The text of Cartooning for Kids is complemented by numerous colourful illustrations and sidebars of tips identified consistently with a green circle. The book has an attractive layout that makes for easy reading and comprehension. The book would be appealing to even the most reluctant artist. Cartooning for Kids is available in both paperback and hardcover. It is highly recommended for both school and public libraries. The book would be a useful resource for art class and for individual recreation. Drawing books are always a popular library circulation item. Perhaps it would be wise to have more than one copy available in the library!
Thematic Links:Cartooning; Drawing; Crafts; Humour
Easy for You to Say : Q & A's for Teens Living with Chronic Illness or Disability by Miriam Kaufman
Key Porter Books, 2005. 285p. Illus. Gr. 6-12. 1-55263-686-0. Pbk. $22.95
"Knowledge is empowering!"
Barriers aren't something that this book contains. Rather, the text serves to open the door to a greater understanding of childhood illnesses and disabilities.
The author is a doctor and mother with the attributes of social worker and guidance counsellor. She is an advocate as well as a listener, dedicated to providing teens living with complex disabilities, the information that they genuinely require.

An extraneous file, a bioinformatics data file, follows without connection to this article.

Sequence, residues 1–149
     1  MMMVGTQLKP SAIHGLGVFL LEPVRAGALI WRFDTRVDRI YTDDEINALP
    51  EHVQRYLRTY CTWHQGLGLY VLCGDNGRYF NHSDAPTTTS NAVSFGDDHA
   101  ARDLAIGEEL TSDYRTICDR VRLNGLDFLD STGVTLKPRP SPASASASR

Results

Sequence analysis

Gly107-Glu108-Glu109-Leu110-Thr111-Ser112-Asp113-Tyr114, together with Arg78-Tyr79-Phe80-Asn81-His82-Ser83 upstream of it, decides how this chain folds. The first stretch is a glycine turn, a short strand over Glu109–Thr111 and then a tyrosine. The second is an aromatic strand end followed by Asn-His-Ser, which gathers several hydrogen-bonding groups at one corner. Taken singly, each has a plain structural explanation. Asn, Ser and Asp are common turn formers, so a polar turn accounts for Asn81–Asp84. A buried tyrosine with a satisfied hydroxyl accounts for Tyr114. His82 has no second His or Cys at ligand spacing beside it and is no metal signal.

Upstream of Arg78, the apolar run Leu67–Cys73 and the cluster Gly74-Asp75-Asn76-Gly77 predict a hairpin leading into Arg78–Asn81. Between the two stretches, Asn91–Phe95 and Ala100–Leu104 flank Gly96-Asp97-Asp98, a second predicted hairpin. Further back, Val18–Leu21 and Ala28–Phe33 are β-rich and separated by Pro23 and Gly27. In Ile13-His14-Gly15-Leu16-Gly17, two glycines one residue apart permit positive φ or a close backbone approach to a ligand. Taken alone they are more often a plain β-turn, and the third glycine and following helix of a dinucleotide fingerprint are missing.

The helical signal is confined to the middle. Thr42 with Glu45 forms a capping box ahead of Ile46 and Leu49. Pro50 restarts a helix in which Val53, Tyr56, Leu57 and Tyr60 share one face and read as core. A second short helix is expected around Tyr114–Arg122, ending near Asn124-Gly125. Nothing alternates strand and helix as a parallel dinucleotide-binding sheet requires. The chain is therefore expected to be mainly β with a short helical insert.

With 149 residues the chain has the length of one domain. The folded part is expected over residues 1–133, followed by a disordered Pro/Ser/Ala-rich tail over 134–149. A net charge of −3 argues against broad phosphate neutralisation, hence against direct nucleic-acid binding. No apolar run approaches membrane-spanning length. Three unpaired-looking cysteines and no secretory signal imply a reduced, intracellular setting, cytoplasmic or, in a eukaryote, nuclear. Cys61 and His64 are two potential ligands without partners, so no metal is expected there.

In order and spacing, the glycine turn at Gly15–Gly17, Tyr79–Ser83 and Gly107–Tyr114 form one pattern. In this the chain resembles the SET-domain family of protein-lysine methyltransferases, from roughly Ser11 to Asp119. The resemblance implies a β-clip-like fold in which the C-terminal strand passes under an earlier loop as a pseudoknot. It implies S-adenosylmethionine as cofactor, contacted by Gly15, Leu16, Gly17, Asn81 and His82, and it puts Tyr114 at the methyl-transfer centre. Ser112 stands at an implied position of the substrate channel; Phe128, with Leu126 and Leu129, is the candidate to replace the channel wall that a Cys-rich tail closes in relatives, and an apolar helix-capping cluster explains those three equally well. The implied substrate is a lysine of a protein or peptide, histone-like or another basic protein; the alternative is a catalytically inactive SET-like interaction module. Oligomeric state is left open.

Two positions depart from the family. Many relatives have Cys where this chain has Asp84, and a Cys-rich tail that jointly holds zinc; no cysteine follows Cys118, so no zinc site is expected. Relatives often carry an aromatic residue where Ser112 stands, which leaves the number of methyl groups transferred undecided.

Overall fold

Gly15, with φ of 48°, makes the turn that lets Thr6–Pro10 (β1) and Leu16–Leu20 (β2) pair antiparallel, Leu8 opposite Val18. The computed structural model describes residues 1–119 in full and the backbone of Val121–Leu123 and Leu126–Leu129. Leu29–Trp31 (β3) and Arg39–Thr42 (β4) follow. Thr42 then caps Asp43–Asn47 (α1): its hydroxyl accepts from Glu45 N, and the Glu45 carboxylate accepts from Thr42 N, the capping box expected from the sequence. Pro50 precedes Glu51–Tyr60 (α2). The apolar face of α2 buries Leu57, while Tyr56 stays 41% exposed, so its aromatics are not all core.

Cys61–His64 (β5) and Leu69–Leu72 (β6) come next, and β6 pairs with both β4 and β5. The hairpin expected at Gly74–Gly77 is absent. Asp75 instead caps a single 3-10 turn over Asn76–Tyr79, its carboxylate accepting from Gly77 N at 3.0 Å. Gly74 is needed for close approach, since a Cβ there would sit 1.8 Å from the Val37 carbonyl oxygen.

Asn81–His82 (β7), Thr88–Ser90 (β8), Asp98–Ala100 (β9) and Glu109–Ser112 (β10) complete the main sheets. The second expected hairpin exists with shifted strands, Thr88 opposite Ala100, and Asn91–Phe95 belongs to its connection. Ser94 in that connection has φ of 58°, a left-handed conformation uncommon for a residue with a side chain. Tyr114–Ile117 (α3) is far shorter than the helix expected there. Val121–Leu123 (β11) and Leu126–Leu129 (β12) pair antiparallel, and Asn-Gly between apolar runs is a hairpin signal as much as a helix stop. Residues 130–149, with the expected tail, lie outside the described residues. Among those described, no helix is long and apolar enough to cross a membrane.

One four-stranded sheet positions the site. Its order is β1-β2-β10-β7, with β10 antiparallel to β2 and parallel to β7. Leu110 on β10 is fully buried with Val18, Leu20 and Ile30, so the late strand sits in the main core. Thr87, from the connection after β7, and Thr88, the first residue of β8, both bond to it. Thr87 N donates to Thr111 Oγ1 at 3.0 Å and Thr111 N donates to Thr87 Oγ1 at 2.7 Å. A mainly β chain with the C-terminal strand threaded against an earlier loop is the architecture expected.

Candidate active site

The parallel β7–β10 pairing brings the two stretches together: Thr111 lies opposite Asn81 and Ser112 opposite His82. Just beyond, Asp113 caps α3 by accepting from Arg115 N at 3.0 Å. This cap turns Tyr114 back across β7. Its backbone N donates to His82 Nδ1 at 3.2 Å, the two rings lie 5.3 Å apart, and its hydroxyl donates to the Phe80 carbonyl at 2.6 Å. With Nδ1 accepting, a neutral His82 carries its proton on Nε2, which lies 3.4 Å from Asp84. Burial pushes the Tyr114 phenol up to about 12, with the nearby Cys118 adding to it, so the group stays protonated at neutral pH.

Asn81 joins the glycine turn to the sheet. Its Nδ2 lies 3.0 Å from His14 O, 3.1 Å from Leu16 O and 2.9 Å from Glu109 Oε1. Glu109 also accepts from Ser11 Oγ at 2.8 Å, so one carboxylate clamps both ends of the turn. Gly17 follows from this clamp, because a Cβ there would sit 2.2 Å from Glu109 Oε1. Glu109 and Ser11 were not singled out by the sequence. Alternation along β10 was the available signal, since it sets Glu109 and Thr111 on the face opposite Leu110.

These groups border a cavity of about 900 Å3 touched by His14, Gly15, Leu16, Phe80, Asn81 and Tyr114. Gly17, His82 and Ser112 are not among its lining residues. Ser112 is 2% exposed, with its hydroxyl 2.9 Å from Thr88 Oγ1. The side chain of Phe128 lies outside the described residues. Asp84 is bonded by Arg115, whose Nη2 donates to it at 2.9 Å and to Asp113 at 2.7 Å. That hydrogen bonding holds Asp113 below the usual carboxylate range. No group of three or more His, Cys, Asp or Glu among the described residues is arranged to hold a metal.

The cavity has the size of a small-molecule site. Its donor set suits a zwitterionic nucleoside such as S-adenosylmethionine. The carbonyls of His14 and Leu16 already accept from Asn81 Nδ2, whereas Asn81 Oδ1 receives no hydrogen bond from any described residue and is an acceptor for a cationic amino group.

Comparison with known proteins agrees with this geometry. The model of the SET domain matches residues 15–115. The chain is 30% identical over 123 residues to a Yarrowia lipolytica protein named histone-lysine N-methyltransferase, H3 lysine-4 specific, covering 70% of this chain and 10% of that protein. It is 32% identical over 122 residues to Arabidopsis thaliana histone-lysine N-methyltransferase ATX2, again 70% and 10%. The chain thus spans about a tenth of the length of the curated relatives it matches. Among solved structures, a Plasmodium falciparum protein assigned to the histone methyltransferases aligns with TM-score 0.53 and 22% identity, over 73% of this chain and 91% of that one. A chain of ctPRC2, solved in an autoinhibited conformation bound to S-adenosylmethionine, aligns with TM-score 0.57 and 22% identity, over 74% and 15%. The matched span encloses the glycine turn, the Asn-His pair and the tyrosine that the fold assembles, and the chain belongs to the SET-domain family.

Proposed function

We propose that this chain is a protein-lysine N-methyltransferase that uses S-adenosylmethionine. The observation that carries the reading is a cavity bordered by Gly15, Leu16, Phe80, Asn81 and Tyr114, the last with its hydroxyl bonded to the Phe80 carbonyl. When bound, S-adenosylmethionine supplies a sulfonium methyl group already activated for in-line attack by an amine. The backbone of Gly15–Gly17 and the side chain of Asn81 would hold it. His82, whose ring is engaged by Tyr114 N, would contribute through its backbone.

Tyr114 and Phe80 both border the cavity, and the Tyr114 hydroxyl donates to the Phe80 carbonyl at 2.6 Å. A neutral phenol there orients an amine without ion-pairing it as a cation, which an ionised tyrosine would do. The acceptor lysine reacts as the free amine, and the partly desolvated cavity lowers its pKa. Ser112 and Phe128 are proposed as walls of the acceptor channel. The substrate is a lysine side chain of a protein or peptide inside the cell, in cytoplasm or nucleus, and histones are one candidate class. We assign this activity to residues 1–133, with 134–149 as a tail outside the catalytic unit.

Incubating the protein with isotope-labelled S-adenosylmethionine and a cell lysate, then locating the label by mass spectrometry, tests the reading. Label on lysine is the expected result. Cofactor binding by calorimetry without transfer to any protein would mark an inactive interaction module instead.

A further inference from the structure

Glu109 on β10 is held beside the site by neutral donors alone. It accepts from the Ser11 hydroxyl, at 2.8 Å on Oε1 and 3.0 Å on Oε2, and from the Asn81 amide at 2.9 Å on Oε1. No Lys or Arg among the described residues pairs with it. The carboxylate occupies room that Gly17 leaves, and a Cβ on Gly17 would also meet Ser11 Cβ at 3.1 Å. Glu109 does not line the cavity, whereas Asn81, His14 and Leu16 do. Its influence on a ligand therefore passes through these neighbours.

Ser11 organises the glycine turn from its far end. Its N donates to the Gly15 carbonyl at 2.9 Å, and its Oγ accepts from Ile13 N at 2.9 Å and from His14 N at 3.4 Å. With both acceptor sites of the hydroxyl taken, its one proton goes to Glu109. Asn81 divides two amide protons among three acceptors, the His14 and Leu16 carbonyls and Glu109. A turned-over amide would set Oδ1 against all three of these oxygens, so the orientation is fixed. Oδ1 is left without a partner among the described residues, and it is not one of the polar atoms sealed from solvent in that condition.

The question and answer format is very accessible, allowing readers to "jump in" at any point in the book. Asked by the kids of varying ages, in their own words, no question is considered"too embarrassing". Rather it is the author's view that, in all probability, their concerns are universal.
In her responses, the author is direct and practical. Her suggestions, therefore, have the potential to significantly improve the quality of a teen's life. While distinctions are made between medical and social supports, as well as short-term and long-term care requirements, discussions remain general enough to be applicable to a variety of situations and conditions.
Throughout the book, the author emphasizes the need for balance, between the teen's needs and parental boundaries. Consequently, this publication would be a great asset for school libraries and guidance counselling offices, at both the Middle and Senior levels.